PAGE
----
(Also thanks to Jess Spotswood, Marieke Nijkamp, and Katie Locke for very patiently walking me through the mechanics and logistics of anthologies. They are such good people and you should get yourself A Tyranny of Petticoats, The Radical Element, Toil & Trouble, Unbroken, and It’s a Whole Spiel!)

The book is already on Goodreads, so please do add it if you’re so inclined!

A Publishing FAQ Master Post

Hang around publishing people of all types and you’ll see the same questions and answers surfacing over and over again, despite the zillions of excellent resources on the internet. So, I decided to pack the most common questions and my most favorite answers into one work-in-progress place. Ta da!

(Note that you can also find a lot of info on this site. To find what you need, check out the site guide.)

Writing/Revising

Q: What should my target word count be?
A: This post by agent Jenn Laughran.

Q: How do I keep my book up to date when trends are rapidly changing?
A: This post by agent Sarah LaPolla.

Q: I’ve heard that as a white person, I should not be using food terms to describe People of Color’s skin. What are good ways to respectfully describe it?
A: This post by Writing with Color.

Q: How Can I Increase My Word Count Output?
A: This post by Lindsay Smith.

Querying

Q: If I were bookmarking one post of publishing info, what should it be?
A: YA Highway’s Publishing Road Map.

Q: Where can I find out who reps my category/genre?
A: Querytracker.

Q: How important are comp Titles, and how do I choose them?
A: This post by Eric Smith on Pub Crawl.

Q: How do I handle multiple agent offers?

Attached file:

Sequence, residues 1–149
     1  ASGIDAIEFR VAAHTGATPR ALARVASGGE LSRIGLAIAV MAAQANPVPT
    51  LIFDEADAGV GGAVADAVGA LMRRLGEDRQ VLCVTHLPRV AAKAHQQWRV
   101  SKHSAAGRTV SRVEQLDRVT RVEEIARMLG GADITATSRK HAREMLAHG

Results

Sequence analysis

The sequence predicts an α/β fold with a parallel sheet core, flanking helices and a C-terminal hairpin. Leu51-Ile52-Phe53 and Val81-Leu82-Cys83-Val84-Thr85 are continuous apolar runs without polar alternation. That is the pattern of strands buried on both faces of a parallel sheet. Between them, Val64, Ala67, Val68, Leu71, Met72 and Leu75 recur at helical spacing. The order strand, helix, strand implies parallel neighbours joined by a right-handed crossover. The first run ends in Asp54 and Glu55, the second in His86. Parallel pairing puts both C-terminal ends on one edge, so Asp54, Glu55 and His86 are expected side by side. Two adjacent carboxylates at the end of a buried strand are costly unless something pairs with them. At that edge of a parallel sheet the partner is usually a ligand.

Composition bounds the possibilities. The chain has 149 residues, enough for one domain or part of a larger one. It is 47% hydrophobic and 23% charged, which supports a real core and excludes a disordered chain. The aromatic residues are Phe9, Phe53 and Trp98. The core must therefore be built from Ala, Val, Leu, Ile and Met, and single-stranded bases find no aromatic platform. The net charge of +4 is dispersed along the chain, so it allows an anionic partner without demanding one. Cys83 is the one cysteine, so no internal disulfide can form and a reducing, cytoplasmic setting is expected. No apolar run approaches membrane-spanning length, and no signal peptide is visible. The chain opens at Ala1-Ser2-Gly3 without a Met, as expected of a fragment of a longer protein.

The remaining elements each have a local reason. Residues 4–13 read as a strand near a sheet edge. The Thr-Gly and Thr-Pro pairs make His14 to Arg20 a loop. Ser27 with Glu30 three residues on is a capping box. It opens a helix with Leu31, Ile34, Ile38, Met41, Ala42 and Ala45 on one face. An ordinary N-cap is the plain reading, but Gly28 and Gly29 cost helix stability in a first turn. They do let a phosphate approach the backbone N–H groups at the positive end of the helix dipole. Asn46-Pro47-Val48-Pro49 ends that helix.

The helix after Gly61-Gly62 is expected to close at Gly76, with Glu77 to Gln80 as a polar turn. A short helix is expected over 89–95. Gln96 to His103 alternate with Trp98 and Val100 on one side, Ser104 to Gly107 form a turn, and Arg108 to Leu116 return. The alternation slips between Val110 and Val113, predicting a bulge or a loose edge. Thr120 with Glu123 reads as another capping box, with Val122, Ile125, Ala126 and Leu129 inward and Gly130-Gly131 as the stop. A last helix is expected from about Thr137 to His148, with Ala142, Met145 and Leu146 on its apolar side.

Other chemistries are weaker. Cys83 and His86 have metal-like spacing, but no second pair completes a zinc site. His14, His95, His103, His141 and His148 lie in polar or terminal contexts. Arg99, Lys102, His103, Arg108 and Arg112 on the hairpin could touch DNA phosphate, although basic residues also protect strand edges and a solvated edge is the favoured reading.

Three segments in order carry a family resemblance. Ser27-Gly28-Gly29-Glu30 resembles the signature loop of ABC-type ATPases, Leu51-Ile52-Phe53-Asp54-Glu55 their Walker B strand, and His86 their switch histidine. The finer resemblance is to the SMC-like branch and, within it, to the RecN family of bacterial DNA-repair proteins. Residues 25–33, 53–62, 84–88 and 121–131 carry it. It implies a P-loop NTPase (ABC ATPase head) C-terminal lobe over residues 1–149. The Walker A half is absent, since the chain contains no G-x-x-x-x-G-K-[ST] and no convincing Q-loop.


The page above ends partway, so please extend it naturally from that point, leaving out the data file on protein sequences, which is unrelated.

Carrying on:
A: This pair of posts by Lydia Sharp and me.

Q: How do I handle querying after a split with my agent?
A: This post by me. (Note that this varies depending on how well-known/published you are. This post is assuming no prior reputation/publication.)

Marketing/Publicity

Q: How do I run a successful preorder campaign?
A: This post by Erin Bowman.

Q: When should I start promoting my book?
A: This post by Jodi Meadows on Pub Crawl.

Q: How do I build a social media platform?
A: This post by Eric Smith.

Perpetual WIPs: Bookseller Edition, Part IV

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If you’ve been following this blog for a few years, hopefully you’re familiar with Perpetual WIPs, a series I ran for a while with different editions that asked a bunch of industry folk a bunch of questions and posted the answers anonymously. This newest edition is a slightly altered take in two ways: 1) it’s not anonymous, and 2) instead of posting everything in groups, it’s gonna be one interview at a time. The better to soak up the valuable knowledge!